Mr. Levy is the newly installed Consul General of Israel for Quebec and the Atlantic Provinces and Permanent Representative of Israel to the International Civil Aviation Organization (ICAO). Having arrived only a few weeks ago, one of Mr. Levy’s first official acts was to invite several community leaders to his home to install a new Mezuzah. I was honoured to attend as a representative of the Jewish General Hospital and its West-Central Montreal health network. 

‘This Mezuzah has kept us safe in Africa, Latvia and South Korea,” Mr. Levy said at the informal ceremony. “We bring it with us on our foreign posts and it will keep us safe here in Montreal.”

On the doorposts of traditional Jewish homes (and many not-so-traditional homes!), you will find a small case like the one pictured below. This case is commonly known as a mezuzah (Hebrew for doorpost), because it is placed upon the doorposts of the house. The mezuzah is not, as some suppose, a good-luck charm, nor does it have any connection with the lamb’s blood placed on the doorposts in Egypt. Rather, it is a constant reminder of God’s presence and mitzvot.

Surely, the Consul General Levy will not only stay safe here in beautiful Montreal, but he and his family will be warmly welcomed in one of the diaspora’s most Zionist communities. Where else do you find major airlines in head to head competition with El Al promoting tourism to Israel, bilateral trade agreements being put in place following high level economic missions and the host country’s two major political parties squabbling over which is more in love with Israel?

Rabbi Yossi, of Chabad Westmount, did the honours of affixing the Mezuzah to the entranceway. He noted that not only was it the Festival of Purim, one of the most joyous and fun holidays on the Jewish calendar, commemorating a time when the Jewish people living in Persia were saved from extermination, but the act of affixing the Mezuzah is called Chanukah, literally dedication or renewal. Of course, Chanukah is yet another joyous holiday on the Jewish calendar. And so too, was the renewal of Israel’s representation in Montreal a joyous occasion.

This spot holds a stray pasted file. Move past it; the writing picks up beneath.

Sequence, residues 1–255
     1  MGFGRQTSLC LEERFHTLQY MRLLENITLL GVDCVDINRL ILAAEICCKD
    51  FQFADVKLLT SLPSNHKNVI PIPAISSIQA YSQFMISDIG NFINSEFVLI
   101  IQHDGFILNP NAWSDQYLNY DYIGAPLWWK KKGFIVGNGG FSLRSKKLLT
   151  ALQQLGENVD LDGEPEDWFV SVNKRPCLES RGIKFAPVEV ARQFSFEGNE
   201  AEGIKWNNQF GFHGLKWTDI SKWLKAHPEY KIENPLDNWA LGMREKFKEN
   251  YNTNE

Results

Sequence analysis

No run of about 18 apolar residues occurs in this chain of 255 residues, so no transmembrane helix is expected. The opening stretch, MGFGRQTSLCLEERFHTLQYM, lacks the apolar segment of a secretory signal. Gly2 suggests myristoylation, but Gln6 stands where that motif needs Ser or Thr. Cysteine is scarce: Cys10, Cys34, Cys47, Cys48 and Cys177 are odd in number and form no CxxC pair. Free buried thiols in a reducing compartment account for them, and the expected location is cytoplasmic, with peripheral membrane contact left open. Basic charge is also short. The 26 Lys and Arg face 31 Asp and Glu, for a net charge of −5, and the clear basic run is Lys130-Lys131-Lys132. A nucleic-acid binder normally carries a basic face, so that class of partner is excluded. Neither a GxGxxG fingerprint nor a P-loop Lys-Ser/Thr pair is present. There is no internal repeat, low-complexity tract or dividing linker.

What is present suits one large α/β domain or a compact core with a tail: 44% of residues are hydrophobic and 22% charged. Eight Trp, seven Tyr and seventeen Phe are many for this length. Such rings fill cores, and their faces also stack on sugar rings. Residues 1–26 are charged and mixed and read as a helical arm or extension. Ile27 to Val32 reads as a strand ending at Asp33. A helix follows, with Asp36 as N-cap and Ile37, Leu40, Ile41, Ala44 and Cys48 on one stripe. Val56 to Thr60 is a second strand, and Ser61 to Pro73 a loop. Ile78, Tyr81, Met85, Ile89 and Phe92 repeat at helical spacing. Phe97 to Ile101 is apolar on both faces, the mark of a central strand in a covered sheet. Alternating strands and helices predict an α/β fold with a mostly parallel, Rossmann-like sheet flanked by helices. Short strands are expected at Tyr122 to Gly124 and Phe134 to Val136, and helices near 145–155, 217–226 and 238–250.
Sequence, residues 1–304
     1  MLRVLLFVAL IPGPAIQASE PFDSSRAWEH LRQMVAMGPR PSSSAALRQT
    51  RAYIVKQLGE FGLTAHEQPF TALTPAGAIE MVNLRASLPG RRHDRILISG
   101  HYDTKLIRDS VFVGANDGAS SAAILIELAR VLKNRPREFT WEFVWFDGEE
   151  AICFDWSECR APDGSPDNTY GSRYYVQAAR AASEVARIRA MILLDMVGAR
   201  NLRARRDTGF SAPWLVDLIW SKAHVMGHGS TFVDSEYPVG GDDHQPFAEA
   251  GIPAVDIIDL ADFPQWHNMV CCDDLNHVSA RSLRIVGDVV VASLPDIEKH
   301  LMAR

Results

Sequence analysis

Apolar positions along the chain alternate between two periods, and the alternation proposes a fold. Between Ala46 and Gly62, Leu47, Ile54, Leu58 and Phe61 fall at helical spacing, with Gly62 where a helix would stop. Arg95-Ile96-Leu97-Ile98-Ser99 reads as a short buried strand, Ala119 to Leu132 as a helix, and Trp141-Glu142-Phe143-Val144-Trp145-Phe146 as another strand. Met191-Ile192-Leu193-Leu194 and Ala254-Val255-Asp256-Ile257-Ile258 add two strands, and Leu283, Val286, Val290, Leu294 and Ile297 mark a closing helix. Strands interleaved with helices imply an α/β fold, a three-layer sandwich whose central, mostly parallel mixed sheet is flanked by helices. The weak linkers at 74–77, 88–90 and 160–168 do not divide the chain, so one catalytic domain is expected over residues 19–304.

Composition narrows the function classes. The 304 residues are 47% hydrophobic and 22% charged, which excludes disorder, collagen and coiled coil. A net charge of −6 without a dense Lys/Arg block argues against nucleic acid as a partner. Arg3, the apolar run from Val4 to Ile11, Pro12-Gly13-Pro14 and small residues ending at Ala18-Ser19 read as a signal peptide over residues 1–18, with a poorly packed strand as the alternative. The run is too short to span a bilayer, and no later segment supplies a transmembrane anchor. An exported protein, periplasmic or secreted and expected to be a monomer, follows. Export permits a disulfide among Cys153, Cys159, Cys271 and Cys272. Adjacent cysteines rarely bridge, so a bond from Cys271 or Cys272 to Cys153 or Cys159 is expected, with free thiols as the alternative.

Rabbi Yossi and Consul General Levy affix the Mezuzzah

A first generation Israeli, Mr. Levy grew up in the city of Rehovot. At the age of 18, he volunteered with the Israeli Air Force’s (IAF) rescue and medical evacuation. His academic background is in law, political science, diplomacy and security.

He joined the Israel Ministry of Foreign Affairs in 2002 and, since then, his diplomatic career has taken him to Yaoundé, Cameroon (2003-2005), Riga, Latvia (2005-2009) and Seoul, South Korea (2012-2016).

Best of luck in all of your endeavours here in Quebec and in the Atlantic Provinces, Mr. Levy.

Town Remembers Nashens

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Celebrating Chanukah on the Hill

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Judy Hagshi, Anthony Housefather (MP Mount Royal), Jeremy, Glenn, Nicole and Barry Nashen. Chanukah on the Hill. December 2017.